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BRAND NICK ROBERTSON TREATMENT | PLAZA FILMS

Treatment by Nick Robertson 1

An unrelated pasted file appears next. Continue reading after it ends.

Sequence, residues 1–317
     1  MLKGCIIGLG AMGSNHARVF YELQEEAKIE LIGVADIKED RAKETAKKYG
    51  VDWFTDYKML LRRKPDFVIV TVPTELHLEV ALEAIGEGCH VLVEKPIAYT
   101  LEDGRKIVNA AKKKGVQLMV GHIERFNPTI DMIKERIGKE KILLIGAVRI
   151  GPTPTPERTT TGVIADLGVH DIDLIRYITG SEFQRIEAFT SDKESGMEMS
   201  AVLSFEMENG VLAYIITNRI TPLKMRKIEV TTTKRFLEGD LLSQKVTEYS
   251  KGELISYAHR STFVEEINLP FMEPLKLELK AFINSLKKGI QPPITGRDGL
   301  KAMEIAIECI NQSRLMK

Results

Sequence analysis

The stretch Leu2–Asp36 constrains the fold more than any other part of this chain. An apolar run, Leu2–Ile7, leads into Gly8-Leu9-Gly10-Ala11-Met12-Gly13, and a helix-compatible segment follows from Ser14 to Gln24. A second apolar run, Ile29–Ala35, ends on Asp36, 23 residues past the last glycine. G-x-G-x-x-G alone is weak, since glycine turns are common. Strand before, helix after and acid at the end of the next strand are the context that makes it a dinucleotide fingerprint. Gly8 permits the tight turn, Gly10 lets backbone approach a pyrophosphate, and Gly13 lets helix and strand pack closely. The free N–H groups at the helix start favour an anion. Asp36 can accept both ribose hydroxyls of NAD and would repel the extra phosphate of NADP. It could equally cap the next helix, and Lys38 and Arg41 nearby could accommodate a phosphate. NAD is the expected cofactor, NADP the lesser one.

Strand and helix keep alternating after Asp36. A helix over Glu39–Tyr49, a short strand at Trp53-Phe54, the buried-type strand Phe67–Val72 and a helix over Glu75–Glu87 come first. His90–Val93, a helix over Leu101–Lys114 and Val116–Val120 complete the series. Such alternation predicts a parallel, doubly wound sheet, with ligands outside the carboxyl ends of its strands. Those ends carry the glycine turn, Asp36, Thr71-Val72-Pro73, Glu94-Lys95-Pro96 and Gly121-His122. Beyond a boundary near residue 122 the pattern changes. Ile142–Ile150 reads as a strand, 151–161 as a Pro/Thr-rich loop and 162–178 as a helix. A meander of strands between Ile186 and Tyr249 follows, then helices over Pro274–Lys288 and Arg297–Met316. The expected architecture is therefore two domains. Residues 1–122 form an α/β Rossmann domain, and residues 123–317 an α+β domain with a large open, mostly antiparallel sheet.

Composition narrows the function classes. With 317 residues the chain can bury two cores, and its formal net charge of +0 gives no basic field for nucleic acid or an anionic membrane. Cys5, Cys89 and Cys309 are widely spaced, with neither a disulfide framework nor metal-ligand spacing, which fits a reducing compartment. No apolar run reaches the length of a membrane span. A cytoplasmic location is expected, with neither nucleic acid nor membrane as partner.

Story Awkward Moments There’s a wonderful scene in Tony Scott’s thriller “Crimson Tide”. Denzel Washington and Gene Hackman’s characters are both standing on the bridge of the Alabama submarine just before its about to dive. Gene hands Denzel a cigar and the two of them enjoy the serenity of the sunset. After a long period of silence, Hackman’s character congratulates Denzel on his restraint, explaining that many would have simply “talked it away”. It’s a trait the Hackman’s character greatly, the ability to be at one with silence. This particular commercial captures the very same creed in a very clever and amusing manner. With Australian guys, there is an underlying understanding that more often than not silence is the most appropriate remark. To outsiders it is often observed and treated as awkward and uncomfortable but for those who regularly engage in extended quiet, it a very easy practice. It is effortless and trouble free, just the way guys like it. Like experiencing an incredible sunset, or watching the perfect wave, the delicious taste of KFC doesn’t need to be spoken of, it’s just an absolute given. Open on a group of guys sitting on a beach bench quietly watching the surf in the early morning light. The perfect wave rolls into the beach, breaking beautifully, as a light offshore feather the crest. Louis CK whispers, “The awkward silence. It’s just something women created when they couldn’t handle not saying anything.” It’s a mesmerising sight as the perfect cylinder reels off down the line. From the look on their faces and their quiet disposition, we know, and they know, nothing need be said. It’s almost as if they communicate telepathically. A simple tilt of the head or a slight raise of the eyebrow is the most expression required. Two guys sit quietly in a small car. The rain outside pours down with incredible velocity yet not a word is murmured. Louis CK continues, “But us guys, we don’t need to talk”. Cut to a group of guys enjoying the quiet crackle of a beachside fire. Boards and make shift tents occupy the background as flames dance high into the inky night sky. Louis CK softly continues, “We can sit for hours watching TV, or a fire, or nothing. We don’t need words to talk.” The group silently enjoy the delicious taste of KFC chicken while reflecting on the triumphant of the day. 2